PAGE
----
Finalist for the 2011 Best Translated Book Award in Poetry
Time of Sky and Castles in the Air is the first full-length translation of Ayane Kawata’s poetry to be published in English. This single volume contains Kawata’s first book of poems, Time of Sky (first published in Japanese by Kumo Publishers, 1969), and her sixth, Castles in the Air: A Dream Journal (first published in Japanese by Shoshi Yamada, 1991). Translator Sawako Nakayasu writes in the Afterword: “In Time of Sky we find terse lines that are unresolved—the tension is neither built nor released, but exists as if in its natural state, a note of music forever in suspension. It never arrives—it is and never was home.” Of Castles in the Air, Nakayasu writes: “Its poems are derived from a notebook the author kept for 15 years, in which she recorded her dreams every morning upon waking…. The logic in these prose poems may feel familiar to us as dream logic, but we also find in them the complexity and anxiety attendant to of a lifetime spent living in a culture not one’s own, an ongoing reckoning with one’s dangers and desires, and the difficulty (and absurdity) of trying to communicate with others.”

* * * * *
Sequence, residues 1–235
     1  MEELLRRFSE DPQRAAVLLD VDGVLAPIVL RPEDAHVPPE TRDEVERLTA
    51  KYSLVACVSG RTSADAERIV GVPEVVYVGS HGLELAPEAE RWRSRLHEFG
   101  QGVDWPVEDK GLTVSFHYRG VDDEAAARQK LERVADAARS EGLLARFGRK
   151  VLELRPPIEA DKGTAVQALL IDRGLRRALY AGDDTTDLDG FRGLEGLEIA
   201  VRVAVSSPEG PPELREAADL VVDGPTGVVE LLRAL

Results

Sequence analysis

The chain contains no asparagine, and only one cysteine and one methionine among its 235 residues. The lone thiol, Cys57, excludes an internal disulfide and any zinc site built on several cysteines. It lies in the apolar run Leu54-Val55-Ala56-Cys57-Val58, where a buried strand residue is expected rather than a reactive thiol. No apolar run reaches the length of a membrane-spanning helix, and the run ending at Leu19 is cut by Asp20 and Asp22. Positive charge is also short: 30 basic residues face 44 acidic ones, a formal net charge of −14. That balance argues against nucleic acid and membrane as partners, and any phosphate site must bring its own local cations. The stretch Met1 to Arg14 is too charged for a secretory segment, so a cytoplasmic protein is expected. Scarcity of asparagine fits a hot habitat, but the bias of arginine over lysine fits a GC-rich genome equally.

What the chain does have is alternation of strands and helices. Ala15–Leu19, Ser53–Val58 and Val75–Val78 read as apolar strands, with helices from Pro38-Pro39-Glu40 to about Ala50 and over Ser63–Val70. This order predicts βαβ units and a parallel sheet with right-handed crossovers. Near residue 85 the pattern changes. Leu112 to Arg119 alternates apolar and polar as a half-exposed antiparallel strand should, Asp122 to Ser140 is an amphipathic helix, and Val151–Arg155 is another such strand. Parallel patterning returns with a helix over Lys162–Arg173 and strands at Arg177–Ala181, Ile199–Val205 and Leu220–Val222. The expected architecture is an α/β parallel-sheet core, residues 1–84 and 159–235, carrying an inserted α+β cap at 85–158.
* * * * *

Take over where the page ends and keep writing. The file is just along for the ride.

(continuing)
Praise for Time of Sky & Castles in the Air
In Japan, Kawata’s work is noted primarily for its stark, vivid depictions of life—not so much life as lived by a specific person, but more the sense of “living-ness.” To the Japanese eye and ear, Kawata’s poetry cuts through to the “overwhelming mysteries” that lie beneath everyday activities, and it does so with necessity. Hers are aggressive poems that look frankly at what it means to be a Japanese woman both inside Japan and away.
— Melinda Markham, How2
Sawako Nakayasu’s translation of Ayane Kawata’s Time of Sky & Castles in the Air proves that translating Japanese to English can result in a beautiful rebirth.
— C. J. Opperthauser, New Pages
Kawata has a firm grasp of what it is that makes dream logic so illogical, and her flowing recreations of the way that logic holds together, despite contradictions and nonsenses that are often apparent even to the dreamer, make the poems a genuine pleasure.
— Brandon Holmquest, Asymptote